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I assume that your railway lines are not already divided up into the 5m segments. If they were, you could just create centroids (Feature to Point with Advanced or adding two fields and using Calculate Geometry to get the coordinates, then converting that xy to a point) from your lines and that would give you the points you seek. You could theoretically find ...


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drag-drop an Excel XLSX file onto the layer widget double click tool QGIS geoalgorithms\Vector creation tools\Point layer from Table, choose the new layer as Input layer and specify the columns representing X- and Y-field, run the process Two steps using current QGIS versions.


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The formula for calculating grid convergence (sometimes called meridian convergence) for spherical UTM projections was given (very incorrectly until just now) at How to Calculate North? In case that is not clear γ = arctan [tan (λ - λ0) × sin φ] where γ is grid convergence, λ0 is longitude of UTM zone's central ...


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The problem you have apparently run into here is character encoding. Particularly when moving between programs and fonts as your Excel > Word > Arc pasting does, and single quotes are one of the worst characters for this issue. ` (upper left standard keyboard) and ' (next to Enter standard keyboard) are two different characters. Likely your 'shorter' quotes ...


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The work should be based on a good data model. You should make sure your objects adhere to national standards - if any. In Norway a lot of work has gone into standardizing graveyards. A PDF document is available describing this standard. It is unfortunately only available in Nrwegian, but Google translate should be able to help you out. From the foreword: ...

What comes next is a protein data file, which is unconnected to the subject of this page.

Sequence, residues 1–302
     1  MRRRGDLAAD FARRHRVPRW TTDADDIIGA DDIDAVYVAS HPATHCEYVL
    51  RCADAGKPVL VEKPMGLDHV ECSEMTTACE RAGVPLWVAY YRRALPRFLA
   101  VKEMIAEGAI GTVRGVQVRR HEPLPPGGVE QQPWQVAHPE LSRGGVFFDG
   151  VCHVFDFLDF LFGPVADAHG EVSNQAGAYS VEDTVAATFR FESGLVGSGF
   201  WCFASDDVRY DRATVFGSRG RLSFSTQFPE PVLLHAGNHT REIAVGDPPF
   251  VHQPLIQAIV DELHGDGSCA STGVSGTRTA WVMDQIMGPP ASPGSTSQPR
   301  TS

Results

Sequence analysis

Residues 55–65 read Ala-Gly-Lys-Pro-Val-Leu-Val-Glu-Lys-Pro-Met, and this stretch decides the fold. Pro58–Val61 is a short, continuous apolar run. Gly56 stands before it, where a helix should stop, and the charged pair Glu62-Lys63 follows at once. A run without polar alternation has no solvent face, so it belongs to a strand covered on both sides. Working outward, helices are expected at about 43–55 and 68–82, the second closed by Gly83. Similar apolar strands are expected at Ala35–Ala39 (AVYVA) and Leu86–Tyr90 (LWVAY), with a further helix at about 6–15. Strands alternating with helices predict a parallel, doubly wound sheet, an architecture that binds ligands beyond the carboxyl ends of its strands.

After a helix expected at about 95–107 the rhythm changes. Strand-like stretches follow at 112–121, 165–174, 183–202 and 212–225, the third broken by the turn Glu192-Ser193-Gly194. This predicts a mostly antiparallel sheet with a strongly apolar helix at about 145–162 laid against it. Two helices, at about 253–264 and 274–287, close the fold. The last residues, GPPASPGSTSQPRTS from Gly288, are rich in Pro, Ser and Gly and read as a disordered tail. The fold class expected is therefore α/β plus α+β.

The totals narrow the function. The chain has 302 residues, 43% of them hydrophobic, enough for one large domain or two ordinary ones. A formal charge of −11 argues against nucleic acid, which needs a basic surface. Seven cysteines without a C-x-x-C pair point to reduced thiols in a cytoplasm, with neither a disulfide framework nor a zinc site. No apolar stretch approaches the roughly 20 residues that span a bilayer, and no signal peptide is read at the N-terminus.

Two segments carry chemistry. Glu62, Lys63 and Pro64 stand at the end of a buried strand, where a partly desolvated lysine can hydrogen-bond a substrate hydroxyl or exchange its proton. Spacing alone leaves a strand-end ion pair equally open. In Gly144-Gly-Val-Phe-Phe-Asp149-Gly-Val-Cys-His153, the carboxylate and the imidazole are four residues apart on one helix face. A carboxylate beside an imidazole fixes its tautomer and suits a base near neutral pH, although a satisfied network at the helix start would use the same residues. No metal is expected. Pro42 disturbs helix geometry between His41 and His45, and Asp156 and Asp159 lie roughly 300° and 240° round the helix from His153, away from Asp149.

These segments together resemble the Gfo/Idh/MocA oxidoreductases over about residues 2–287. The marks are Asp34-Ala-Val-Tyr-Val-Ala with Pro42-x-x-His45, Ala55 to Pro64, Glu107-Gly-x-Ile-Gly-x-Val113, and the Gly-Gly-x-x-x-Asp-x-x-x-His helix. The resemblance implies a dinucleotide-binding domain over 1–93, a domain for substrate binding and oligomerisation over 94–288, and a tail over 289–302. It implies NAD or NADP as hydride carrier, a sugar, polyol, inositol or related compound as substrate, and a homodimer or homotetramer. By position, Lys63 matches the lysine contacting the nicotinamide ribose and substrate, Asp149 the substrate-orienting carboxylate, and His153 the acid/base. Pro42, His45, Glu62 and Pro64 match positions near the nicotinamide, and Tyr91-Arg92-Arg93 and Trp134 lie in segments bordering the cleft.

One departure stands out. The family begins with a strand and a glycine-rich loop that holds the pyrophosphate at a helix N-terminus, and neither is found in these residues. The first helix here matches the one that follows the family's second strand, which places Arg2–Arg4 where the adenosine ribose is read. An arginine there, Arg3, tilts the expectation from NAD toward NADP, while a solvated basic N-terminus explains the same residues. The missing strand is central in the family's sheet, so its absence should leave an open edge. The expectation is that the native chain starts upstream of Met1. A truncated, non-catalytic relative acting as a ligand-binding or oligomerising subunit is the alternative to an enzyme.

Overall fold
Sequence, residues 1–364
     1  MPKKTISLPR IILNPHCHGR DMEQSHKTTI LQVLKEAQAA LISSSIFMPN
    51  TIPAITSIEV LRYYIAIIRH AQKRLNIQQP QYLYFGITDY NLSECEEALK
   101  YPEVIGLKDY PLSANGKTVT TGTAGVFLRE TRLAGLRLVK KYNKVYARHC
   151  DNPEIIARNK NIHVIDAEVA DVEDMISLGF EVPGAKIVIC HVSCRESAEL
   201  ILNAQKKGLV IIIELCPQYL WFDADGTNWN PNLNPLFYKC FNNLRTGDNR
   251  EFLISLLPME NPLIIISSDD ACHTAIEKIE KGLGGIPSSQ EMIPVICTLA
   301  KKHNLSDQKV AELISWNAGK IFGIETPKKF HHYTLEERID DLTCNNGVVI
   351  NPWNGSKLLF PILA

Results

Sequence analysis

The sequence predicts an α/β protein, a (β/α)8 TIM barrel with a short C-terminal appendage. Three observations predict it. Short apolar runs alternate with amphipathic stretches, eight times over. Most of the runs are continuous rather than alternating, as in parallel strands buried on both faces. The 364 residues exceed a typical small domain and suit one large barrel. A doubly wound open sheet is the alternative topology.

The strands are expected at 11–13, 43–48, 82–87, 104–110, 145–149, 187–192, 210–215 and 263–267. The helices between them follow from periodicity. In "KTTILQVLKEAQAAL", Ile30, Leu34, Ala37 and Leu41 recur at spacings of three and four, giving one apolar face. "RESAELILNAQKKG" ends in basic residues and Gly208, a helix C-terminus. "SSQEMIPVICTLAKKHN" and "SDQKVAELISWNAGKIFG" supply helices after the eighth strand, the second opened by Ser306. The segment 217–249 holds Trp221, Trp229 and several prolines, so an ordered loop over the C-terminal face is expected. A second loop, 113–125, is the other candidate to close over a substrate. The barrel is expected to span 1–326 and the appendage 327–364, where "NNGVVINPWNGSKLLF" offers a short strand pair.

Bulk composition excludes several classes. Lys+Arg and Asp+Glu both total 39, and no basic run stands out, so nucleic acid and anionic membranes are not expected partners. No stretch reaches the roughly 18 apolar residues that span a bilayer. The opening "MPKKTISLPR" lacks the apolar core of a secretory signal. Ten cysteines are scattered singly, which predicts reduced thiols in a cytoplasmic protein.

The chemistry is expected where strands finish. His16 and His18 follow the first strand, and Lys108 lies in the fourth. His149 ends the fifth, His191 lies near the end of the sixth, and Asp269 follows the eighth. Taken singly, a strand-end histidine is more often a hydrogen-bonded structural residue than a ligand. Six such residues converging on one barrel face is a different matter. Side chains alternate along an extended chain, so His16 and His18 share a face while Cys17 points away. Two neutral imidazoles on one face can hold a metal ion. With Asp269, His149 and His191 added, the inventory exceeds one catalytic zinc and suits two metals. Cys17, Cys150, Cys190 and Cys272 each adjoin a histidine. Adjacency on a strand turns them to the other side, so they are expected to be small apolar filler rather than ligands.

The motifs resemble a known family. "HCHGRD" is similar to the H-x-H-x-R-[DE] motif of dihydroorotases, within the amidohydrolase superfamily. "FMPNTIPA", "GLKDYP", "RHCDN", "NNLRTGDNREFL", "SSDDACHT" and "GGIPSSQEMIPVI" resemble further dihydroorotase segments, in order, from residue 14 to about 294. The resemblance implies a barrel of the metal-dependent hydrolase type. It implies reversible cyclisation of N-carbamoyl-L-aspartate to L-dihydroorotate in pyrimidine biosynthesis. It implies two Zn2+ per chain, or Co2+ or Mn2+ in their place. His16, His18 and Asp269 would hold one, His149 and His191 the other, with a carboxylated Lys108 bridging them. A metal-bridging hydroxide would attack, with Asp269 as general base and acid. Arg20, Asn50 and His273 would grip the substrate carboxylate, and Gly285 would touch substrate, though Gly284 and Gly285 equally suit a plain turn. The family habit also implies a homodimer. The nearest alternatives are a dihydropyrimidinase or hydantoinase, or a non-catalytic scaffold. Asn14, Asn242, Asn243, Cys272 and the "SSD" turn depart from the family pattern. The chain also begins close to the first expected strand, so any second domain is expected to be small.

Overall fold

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I think it might be because you do not add a layer to Mxd in code, because if it is in accordance with your code, the final layer will only exist in memory, and will not be automatically added to your Mxd, so when you keep Mxd when the layer will not be saved. Therefore, you need to add this section of code. # AddJoin ...


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I like to use the openpyxl module to write excel files. It's super easy once you get the hang of it. Your code would look something like this - #import system modules import arcpy, os from openpyxl import Workbook #Set environment options arcpy.env.workspace = r'Z:\project\....gdb' #Create Workbook & worksheet wb = ...


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Another option, not sure if it's practical for your application, but if you want to create formatted and fancy excel sheets you could invest a little time in learning the xlrd and xlwt python modules. You can pip install or easy_install them. There is a bit of a learning curve, but they have worked well for me to create nice-looking report/summary ...


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One option would be to: Create a list and append exception record ID's to list (unique ID column/value) After the update cursor runs, make a feature layer of the fc Use a search cursor and iterate through each feature while looping over the list from step one and perform a select layer by attribute (add to selection method) all the exception features Once ...


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My favorite way to get data into excel while running an arcpy script is to simply print out that which I wish to have in excel, with tabs separating my values. Then I can copy/paste what is created from the shell into excel. First I print a header, with mycolumn names separated by tabs, and then as I iterate through my for loops I print the lines of ...


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No solution, but a workaround: in SQLExecutor transformer select Microsoft Access (MDB_ADO) as the format, edit the SQL string, press ok, save, execute notepad++, open fmw-file, search&replace MDB_ADO with XLS_ADO, add some additional lines (XLS_ADO_SHOW_NAMED_RANGES, XLS_ADO_FIRST_ROW_IS_HEADING), save. Start working. Obviously FME2014+ recognizes the ...



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